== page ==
In build system management, a collection of computers that is required to compile, analyze, or test software is referred to as a 'Lab' (or a 'Pool'). These labs are composed of any number of devices, each with specific functions that can be used. A typical lab might consist of 3 machines used to compile 3 different modules of a program, a repository that has a source code management (SCM) system for developers to push code to, and an artifact repository (such as Artifactory or Nexus) to push the completed code to. Devices might also be needed (for RIM this would include phones and tablets) to test functionality of certain modules.
All of these lab devices need to be configured in special ways so that a 'Master' device can distribute tasks amongst them. That's where I come in. My job was to configure each of the machines in a lab including (but not limited to): setting up public/private authentication keys, adding new software, managing configuration files, and ensuring network connectivity. Throughout this I learned a great deal about windows services, network connection protocols (RDP and SSH), and batch file editing (korn shell and batch).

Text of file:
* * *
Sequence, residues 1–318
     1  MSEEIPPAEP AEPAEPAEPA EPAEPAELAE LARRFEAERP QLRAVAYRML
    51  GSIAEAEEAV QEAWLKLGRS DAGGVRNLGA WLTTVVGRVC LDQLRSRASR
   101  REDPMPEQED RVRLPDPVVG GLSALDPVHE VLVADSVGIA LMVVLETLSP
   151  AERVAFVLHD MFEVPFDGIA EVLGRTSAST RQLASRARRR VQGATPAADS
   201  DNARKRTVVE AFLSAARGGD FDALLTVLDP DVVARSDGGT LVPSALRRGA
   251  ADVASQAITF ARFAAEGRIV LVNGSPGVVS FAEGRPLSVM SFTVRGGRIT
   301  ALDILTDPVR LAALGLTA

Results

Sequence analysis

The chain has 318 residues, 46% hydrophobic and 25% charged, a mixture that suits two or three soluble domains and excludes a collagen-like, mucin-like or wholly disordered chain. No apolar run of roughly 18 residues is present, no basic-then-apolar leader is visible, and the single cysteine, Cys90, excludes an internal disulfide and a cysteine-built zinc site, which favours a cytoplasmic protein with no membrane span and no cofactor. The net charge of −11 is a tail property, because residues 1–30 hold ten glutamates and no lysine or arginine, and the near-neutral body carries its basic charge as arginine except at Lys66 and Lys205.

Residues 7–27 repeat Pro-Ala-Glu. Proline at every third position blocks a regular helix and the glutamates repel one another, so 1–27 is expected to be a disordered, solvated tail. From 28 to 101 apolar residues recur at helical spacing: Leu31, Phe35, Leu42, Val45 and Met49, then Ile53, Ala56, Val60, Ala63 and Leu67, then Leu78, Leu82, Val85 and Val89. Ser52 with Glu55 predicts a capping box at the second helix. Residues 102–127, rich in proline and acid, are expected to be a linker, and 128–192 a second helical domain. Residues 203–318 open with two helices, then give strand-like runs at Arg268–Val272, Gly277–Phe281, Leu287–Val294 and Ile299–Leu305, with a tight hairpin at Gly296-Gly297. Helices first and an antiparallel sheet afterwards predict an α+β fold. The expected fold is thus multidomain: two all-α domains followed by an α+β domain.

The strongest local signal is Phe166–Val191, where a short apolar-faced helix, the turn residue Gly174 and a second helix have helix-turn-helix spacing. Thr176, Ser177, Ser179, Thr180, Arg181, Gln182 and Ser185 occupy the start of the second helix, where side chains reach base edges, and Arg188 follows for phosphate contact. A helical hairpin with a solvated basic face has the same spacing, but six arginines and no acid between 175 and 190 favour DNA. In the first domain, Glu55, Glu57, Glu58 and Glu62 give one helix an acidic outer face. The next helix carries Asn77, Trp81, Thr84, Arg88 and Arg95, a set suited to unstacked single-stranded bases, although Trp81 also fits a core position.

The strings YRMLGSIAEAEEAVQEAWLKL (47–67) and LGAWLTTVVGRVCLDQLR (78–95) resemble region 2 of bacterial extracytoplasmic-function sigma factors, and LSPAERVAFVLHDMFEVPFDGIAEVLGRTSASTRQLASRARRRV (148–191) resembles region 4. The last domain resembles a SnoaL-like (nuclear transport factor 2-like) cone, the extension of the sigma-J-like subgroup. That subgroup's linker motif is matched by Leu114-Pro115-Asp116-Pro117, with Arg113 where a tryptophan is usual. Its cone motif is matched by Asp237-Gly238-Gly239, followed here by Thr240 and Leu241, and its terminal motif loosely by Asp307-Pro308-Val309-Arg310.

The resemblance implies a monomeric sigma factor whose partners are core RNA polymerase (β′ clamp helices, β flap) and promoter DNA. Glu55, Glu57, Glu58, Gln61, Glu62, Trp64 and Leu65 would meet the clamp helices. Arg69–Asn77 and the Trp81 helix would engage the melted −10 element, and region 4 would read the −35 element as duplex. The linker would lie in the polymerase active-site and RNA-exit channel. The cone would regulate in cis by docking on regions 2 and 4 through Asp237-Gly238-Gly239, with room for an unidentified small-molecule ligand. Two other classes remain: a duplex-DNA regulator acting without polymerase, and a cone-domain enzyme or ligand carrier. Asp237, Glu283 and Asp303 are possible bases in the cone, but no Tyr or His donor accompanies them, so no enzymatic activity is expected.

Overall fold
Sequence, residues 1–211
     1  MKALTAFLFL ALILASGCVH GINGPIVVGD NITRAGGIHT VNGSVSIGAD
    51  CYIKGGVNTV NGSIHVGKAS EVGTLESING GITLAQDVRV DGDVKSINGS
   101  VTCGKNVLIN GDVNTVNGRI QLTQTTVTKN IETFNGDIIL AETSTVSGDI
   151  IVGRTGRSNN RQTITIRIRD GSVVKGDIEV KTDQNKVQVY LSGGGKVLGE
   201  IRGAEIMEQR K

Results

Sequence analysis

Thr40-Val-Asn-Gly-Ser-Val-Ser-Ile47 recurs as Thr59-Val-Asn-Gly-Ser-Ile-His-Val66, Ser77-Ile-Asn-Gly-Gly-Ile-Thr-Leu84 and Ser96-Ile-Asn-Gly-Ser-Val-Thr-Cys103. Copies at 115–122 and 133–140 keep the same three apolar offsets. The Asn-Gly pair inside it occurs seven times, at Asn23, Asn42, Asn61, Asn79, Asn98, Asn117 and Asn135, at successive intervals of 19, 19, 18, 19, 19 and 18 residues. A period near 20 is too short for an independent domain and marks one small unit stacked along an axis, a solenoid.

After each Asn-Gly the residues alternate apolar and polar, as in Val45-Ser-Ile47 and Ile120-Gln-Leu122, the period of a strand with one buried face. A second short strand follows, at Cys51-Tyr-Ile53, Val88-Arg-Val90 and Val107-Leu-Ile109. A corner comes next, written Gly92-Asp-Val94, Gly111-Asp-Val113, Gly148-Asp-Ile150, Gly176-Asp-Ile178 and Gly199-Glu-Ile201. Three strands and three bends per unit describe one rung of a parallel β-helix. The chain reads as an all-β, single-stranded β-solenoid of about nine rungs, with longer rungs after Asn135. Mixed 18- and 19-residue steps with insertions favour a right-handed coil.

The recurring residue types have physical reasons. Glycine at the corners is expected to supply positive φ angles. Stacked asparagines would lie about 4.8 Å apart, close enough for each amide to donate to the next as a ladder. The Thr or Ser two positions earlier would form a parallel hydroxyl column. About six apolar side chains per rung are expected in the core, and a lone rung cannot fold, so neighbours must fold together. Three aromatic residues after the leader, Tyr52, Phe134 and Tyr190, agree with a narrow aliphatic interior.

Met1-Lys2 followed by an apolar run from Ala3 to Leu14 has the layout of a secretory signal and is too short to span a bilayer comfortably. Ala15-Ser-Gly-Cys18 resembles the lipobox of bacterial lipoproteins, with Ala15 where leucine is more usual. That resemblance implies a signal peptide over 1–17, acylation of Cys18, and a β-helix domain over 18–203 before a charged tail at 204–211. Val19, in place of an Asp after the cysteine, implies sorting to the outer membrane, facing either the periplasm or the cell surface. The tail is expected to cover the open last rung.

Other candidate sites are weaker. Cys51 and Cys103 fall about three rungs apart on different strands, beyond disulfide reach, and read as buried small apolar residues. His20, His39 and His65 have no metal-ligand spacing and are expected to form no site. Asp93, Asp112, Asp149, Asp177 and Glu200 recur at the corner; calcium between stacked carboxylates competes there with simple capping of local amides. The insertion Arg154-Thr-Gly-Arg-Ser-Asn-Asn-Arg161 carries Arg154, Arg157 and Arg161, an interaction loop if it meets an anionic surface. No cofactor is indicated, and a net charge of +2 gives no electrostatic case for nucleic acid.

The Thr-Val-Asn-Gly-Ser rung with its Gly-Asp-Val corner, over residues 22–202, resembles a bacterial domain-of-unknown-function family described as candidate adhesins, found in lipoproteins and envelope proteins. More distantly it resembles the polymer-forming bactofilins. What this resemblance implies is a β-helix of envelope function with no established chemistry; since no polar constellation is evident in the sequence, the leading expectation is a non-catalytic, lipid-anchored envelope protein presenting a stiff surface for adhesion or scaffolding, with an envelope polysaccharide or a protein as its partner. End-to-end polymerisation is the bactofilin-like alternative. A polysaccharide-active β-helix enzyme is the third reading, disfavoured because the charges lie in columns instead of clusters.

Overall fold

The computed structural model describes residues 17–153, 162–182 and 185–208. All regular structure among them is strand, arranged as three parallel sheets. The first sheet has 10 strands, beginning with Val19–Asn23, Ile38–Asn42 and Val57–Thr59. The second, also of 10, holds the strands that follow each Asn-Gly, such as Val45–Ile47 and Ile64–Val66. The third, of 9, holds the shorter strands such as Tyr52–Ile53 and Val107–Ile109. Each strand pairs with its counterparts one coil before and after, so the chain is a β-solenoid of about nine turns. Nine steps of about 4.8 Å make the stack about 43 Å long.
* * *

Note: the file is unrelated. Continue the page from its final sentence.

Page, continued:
Build Time Versioning
Tech companies will often have an 'internal' name for products before they are officially named by the marketing division and released into the wild. This, however, can raise some problems when writing the software itself - what if the product name is required on a splash screen? do we have to change code at the last minute?
One thing I was surprised at working in a big company was how frequently product names can change. Managers are constantly changing their mind or trying to re-name a product to fit with new designations. With that being said, we need a way to rapidly re-name or re-number a product. My task for this was to come up with a way to keep a very small file, containing only the product name and version number, and be able to inject this into the compilation process to have it show up in the final product. I worked closely with the installer team to create a very small XML file that resides in an SCM branch (for version tracking) and can be edited by a select few managers. When the product we were working on was being compiled, a script I wrote in Groovy would be called with the XML as a parameter. The script would then generate a number of data files that could be compiled with the source code and would properly update the new name/version in all the right places.
RIM's products are massive and have a huge number of pieces involved, so trying to track down all the places where I would need to inject the right values was exhausting, but in the process I learned about some great shell tools for code analysis that I'll never forget. Among them, my new favourite tools: xargs, sed, awk, and grep.
Learn them. Use them. You won't regret it.
The projects I have coded in university classes tend to be relatively small - they don't take more than a couple minutes to test and can generally be compiled in mere seconds.
Big software takes a bit longer.